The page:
11 Feb 2014
Last week CVS (NYSE: CVS) made big news when it announced they would no longer be selling tobacco products in their drug stores. The decision itself doesn’t have direct implications on premium handmade cigars, but it does raise some issues that should be of interest to all smokers.
First off, let’s recognize that this is a very significant decision for a corporation to make. The company sells $1.5 billion worth of tobacco every year (presumably with a healthy profit margin), which probably is why the stock dropped the day of the announcement. Any time a company eliminates over 1% of their total revenue (more when you look at total estimated revenue losses) with nothing to replace it, it’s a big deal.
This isn’t the first time a business has made a decision to go anti-tobacco, but I can’t think of another decision that cuts into the bottom line so obviously. Local bars and restaurants go smoke-free all the time before laws dictate they have to, so have national hotel chains and Starbucks, which now forbids smoking even in outdoor areas.
But none of those decisions so obviously impact the bottom line. Sure, I go to Caribou Coffee now instead of Starbucks when I want to sit outside and smoke a cigar with some coffee, but it’s not nearly as apparent to shareholders that my revenue is lost in the way that cigarette sales at CVS are now gone because, as the CVS CEO puts it, “We came to the decision that cigarettes and providing health care just don’t go together in the same setting.”
First off, let’s recognize that businesses are free to make their own decisions, though a public company does have to answer to shareholders. There’s nothing inherently wrong about CVS deciding not to provide cigarettes in the same way that a government prohibition in allowing smoking smoking does infringe on the rights of a business owner to choose to provide a customer something he or she wants (in this case a place to smoke).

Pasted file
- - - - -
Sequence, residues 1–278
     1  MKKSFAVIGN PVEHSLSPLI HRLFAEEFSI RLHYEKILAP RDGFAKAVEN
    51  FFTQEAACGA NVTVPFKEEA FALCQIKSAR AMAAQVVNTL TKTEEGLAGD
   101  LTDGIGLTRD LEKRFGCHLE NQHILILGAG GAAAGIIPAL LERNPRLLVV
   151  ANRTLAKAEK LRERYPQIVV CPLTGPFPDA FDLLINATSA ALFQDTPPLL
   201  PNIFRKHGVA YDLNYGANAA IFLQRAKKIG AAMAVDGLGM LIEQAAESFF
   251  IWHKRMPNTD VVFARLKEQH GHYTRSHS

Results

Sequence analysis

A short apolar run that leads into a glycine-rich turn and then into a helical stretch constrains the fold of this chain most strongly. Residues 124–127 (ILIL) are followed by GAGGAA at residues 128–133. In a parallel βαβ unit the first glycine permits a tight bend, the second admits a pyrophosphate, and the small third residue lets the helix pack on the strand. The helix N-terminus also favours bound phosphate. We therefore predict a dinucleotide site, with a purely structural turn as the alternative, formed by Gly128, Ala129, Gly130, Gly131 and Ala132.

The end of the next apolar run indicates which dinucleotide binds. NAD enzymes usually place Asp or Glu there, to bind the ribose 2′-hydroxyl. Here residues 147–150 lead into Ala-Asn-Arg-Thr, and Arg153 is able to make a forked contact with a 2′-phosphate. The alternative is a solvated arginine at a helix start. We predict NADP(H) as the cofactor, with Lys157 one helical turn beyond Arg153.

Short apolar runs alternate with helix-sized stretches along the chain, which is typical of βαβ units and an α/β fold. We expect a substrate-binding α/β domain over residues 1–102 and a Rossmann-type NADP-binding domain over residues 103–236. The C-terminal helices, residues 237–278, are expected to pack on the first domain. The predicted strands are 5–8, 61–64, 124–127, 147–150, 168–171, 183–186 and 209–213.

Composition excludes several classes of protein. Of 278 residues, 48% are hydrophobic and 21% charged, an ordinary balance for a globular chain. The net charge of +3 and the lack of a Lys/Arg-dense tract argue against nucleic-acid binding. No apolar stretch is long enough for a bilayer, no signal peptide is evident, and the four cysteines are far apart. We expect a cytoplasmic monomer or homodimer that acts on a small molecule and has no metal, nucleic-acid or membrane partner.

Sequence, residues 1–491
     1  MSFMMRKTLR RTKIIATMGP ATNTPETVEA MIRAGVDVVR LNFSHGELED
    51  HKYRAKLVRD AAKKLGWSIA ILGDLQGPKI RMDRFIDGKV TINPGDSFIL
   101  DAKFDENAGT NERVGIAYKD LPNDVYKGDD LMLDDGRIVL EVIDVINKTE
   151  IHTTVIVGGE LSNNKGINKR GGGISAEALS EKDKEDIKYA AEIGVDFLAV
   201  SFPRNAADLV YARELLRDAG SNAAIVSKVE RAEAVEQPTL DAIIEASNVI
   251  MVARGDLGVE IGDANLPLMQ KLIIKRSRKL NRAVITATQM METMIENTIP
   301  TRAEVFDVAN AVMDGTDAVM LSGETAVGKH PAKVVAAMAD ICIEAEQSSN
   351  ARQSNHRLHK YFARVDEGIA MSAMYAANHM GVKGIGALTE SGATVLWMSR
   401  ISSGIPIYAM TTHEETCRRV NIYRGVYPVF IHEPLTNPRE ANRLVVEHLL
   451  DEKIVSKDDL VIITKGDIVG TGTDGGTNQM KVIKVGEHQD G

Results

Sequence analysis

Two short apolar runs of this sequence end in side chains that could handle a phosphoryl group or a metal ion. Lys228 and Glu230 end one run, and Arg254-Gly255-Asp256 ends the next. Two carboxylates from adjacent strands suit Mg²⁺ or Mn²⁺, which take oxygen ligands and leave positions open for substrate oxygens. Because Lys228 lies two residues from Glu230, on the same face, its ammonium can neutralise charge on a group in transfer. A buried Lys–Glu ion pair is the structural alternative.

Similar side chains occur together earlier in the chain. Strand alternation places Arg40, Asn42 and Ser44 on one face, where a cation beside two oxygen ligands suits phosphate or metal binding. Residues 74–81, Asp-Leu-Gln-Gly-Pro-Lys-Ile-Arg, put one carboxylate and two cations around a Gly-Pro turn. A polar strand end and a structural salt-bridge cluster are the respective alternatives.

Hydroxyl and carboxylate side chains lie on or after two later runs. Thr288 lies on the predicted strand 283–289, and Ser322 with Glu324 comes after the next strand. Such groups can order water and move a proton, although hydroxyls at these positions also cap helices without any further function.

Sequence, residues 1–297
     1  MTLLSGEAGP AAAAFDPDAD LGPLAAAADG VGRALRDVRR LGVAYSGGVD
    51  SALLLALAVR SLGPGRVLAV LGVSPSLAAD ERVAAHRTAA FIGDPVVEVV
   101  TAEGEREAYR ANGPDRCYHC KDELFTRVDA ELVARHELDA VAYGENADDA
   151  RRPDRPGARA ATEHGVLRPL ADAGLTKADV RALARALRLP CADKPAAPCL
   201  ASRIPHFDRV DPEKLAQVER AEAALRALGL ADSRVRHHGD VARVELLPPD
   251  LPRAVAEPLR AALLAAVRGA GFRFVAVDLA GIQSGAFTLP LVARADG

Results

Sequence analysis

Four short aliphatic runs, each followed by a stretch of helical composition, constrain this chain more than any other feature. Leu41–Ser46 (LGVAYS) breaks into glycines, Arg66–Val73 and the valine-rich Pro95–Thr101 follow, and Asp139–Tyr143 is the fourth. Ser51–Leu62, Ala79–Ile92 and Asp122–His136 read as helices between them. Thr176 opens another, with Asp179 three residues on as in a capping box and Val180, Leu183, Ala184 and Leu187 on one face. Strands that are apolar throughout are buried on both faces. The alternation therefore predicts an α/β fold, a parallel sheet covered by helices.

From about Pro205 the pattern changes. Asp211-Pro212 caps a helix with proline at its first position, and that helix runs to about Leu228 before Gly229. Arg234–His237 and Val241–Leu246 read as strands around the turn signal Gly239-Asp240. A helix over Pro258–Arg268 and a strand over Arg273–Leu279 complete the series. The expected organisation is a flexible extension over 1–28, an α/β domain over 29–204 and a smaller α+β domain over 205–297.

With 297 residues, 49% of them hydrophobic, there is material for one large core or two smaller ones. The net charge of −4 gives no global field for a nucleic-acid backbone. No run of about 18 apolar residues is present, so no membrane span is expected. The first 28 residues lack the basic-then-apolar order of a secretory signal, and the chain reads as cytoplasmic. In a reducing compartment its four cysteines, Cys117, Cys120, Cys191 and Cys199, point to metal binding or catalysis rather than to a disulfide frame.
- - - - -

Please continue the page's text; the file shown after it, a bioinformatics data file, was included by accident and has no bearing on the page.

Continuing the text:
But let’s not glance over the hypocrisy either. CVS still sells plenty of products that contribute to the overall bad health of our society (even before you dig into the overuse of over-the-counter and prescription drugs). Potato chips, candy bars, and soda, not to mention beer and wine, all will presumably keep being sold at CVS.
Take a look at the obesity, diabetes, etc. that this country faces, and it’s clear that CVS has singled out one product among many unhealthy things. People are already noticing this hypocrisy, even if they don’t realize that it’s likely because anti-smoker discrimination is far more acceptable than other types of judgmental discrimination.
Still, perversely, if CVS’s move catches on, it could end up helping the independent cigar shops that often carry, though hardly emphasize, cigarettes. Until CVS’s competitors like other drug stores, grocery stores, and 7-11-style convenience stores take the same approach, it will just hurt CVS’s bottom line to the benefit of those who don’t go along. If it ever does catch on more widely, specialty tobacconists will be there to sell cigarettes to smokers, along with the premium tobacco products they currently focus on selling.
And that’s the beauty of the free market. Paternalistic types can bully businesses around, but as long as some businesses are free to cater to adults who choose to enjoy tobacco products, they only open up more opportunities for those who celebrate, or at least don’t moralize about, the freedom to choose to smoke.
photo credit: Flickr